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At UChicago Medicine, we treat injury and illness, but we also we strive to prevent the preventable. To make sure you and your kids have maximum fun in the sun this summer, we're sharing these safety tips from Comer Children's Hospital pediatric emergency medicine physician Alison Tothy, MD, and Safe Kids South Chicagoland program coordinator Matt Louzon. Safe Kids is the first and only international organization solely dedicated to preventing childhood injury, the number one cause of death for children under 14.
Follow these tips, share them with your friends, and enjoy the season!
Heat stroke, also known as hyperthermia, is prevalent in close spaces like cars.
"Cars can heat up more than 30 degrees in ten minutes no matter what the temperature is outside," Louzon said.
Tothy says the majority of hyperthermia cases they see in the emergency department result from parents leaving children in the car, and that a few minutes can be critical. Even if a child survives an episode of hyperthermia from being left in a hot car, they may experience brain damage or other complications.
Additionally, the two note that parents should be careful in the warmer months to not over-bundle their babies.
"Your baby needs just one more layer of clothes than what an adult would be comfortable wearing," Louzon said.
Everyone, regardless of skin color or tone, should wear broad-spectrum sunscreen.
"Remember to reapply sunscreen about every two hours, and after spending time in the water or sweating a lot," Tothy said. "One application of sunscreen in the morning won't protect you for ten hours in the sun."
Broad-spectrum sunscreen protects against two types of sun rays, UVA and UVB. While UVB rays tend to be the ones that lead to sunburns, UVA rays put people at an increased risk for skin cancer.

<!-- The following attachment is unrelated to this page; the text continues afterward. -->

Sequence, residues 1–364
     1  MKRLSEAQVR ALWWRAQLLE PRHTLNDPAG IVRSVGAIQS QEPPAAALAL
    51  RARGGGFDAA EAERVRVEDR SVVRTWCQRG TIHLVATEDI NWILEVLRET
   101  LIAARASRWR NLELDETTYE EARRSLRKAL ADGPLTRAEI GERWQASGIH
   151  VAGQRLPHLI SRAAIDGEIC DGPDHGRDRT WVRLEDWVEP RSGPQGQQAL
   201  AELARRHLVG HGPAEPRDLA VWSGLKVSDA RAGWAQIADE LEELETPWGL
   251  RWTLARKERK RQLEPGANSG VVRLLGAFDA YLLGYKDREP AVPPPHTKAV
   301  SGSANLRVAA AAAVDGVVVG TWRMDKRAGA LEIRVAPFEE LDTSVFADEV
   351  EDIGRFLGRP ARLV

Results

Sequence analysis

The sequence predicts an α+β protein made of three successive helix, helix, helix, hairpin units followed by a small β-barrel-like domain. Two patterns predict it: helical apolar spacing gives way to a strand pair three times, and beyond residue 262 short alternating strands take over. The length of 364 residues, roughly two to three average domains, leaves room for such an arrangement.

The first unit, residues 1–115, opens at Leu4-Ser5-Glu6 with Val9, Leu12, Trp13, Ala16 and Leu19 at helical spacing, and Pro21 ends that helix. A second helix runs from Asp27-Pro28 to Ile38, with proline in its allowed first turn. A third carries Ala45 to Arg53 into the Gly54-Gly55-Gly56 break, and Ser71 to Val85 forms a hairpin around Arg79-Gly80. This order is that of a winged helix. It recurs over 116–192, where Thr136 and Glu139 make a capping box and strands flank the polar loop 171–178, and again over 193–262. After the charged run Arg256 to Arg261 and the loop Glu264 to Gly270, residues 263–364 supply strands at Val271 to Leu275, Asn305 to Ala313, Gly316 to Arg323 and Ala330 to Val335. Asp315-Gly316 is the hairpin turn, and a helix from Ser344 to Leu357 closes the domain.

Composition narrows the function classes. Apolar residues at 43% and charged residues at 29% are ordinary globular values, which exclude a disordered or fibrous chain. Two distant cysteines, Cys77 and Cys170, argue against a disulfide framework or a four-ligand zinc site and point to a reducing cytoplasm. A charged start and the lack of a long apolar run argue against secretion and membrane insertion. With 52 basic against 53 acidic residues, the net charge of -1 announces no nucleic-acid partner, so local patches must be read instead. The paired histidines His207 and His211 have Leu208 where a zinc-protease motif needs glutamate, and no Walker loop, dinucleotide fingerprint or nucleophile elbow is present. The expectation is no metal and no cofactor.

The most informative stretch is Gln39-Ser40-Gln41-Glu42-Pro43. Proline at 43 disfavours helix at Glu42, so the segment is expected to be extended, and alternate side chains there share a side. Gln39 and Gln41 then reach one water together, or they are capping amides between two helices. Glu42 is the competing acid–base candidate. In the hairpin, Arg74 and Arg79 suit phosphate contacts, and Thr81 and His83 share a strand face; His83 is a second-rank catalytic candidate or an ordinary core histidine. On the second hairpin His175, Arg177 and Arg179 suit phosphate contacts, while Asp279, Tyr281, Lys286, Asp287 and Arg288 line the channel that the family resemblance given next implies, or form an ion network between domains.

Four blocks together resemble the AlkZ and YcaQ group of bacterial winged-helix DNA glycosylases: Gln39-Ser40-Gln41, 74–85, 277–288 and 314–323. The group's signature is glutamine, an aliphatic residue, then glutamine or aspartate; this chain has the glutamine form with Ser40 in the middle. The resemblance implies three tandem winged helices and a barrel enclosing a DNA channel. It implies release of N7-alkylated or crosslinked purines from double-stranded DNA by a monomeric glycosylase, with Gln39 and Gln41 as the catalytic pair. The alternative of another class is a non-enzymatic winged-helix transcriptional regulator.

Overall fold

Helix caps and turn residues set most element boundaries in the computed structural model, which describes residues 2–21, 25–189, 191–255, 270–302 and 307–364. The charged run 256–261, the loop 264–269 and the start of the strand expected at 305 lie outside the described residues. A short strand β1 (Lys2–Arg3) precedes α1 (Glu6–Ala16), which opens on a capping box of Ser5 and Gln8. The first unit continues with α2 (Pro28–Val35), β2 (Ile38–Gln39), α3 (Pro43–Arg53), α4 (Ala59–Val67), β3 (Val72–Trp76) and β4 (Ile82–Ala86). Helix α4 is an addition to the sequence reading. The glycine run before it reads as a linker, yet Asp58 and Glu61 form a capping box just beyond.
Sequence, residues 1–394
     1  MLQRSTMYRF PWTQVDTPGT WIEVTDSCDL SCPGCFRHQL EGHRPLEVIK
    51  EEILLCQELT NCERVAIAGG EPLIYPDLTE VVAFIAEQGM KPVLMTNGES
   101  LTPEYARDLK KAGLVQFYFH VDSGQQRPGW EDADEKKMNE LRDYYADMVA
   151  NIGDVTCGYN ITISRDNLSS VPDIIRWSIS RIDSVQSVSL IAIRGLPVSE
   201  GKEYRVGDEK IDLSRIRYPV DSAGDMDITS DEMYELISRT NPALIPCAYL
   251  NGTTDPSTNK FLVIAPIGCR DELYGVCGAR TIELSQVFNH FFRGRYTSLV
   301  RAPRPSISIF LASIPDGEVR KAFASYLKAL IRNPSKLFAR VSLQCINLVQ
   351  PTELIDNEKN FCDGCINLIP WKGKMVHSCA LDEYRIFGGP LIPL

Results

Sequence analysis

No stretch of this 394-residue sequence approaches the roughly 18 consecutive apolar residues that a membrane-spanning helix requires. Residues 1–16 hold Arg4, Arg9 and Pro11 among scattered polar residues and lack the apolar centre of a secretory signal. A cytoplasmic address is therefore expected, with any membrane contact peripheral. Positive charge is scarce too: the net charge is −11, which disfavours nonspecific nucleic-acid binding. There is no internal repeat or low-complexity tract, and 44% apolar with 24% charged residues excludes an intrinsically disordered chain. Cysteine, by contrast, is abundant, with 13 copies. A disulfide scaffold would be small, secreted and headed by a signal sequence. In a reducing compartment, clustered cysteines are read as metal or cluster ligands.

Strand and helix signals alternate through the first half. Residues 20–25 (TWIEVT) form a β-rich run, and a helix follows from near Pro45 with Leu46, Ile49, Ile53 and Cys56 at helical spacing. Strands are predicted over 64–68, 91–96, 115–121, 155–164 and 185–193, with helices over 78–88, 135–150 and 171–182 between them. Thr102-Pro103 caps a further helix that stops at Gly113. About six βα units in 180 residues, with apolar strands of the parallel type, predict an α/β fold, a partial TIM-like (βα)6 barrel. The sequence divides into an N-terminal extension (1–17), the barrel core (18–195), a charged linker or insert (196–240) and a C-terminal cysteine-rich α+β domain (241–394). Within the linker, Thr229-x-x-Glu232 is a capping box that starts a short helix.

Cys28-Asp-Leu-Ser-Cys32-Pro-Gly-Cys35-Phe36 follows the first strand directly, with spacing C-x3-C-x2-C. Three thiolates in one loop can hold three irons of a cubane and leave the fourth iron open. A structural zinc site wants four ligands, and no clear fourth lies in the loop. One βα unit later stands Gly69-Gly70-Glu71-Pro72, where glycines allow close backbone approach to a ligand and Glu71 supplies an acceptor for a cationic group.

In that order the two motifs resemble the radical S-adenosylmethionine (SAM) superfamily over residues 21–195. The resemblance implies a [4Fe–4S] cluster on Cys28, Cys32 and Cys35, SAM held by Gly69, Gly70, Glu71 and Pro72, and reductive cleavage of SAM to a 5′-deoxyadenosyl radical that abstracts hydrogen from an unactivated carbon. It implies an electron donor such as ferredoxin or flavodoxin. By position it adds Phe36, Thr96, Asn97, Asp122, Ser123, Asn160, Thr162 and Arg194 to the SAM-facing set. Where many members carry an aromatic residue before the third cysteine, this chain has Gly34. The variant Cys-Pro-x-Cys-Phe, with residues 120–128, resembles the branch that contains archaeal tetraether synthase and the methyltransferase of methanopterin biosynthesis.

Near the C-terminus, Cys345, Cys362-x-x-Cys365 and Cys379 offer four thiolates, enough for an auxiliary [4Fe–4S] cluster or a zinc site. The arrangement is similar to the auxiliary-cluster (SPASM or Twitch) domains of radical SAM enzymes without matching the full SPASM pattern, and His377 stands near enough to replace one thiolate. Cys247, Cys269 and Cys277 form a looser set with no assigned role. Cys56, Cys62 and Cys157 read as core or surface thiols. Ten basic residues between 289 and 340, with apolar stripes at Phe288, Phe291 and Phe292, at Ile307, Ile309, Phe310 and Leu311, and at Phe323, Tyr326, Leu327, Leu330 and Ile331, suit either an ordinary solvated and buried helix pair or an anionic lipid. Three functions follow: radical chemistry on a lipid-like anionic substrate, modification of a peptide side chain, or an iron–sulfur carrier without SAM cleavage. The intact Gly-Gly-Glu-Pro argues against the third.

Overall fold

Louzon also recommends people avoid bringing citrus fruits to the beach.
"When the juice from citrus fruits comes in contact with the skin, it will cause massive sunburns," he said. "One bad sunburn can significantly increase skin cancer risk."
Hanging poolside with your friends and their kids? One of the best ways to prevent drowning is to designate one adult to watch your group of kids in the water.
"The key to preventing drowning is supervision," says Tothy. "It needs to be a responsible adult watching, so if you have a lot of people, it's really important to designate one person to pay attention to the kids in the pool."
This means putting down a phone, book, or any other potential distraction. Tothy notes it's also good to familiarize yourself with specific surroundings, since wildlife, rocks, currents and other potential dangers differ in lakes, rivers and other areas.
Real life drowning doesn't look the same as it does in Hollywood movies, Louzon says. It's difficult to tell if someone is struggling because they might not act out or gesture very much.
As obvious as it might seem, Louzon says it's a good idea for school aged kids to consider swim lessons. It's important to learn about riptides (the currents that pull you out into the water) and undertows (the waves that push you down and keep you there).
"Not even Michael Phelps could out-swim a riptide," he said. "Swim parallel to the shore until you get back out of the dangerous area."
And finally, have Coast Guard-approved life jackets on hand. Most of the cute arm floaties and inflatable devices may act as swim aids, but they're not designed to keep peoples' faces up and out of the water the way life jackets do. But remember, life jackets shouldn't replace supervision!
With the Fourth of July holiday approaching, you might be thinking about the perfect fireworks show for your party. Tothy says kids shouldn't be playing with fireworks, period.
"We see a lot of injuries from fireworks in the emergency department," she said. "Some kids lose parts of their hands or suffer extensive burns and even eye injuries."
"Don't take fireworks lessons off YouTube," Louzon said. "There's a viral video of people battling with Roman candles, to make it look like a fight scene out of Harry Potter. Don't do that."
Additionally, don't let toddlers handle sparklers, which can reach 3,000 degrees Fahrenheit.
"They're a huge source of burns that we see and treat," Tothy said. "It's another reason that supervision is so crucial during holiday parties where fireworks are present."
Safe Kids South Chicagoland holds educational programming all summer long to educate people about these tips and lots more information on how to keep kids safe. For more information, visit their website.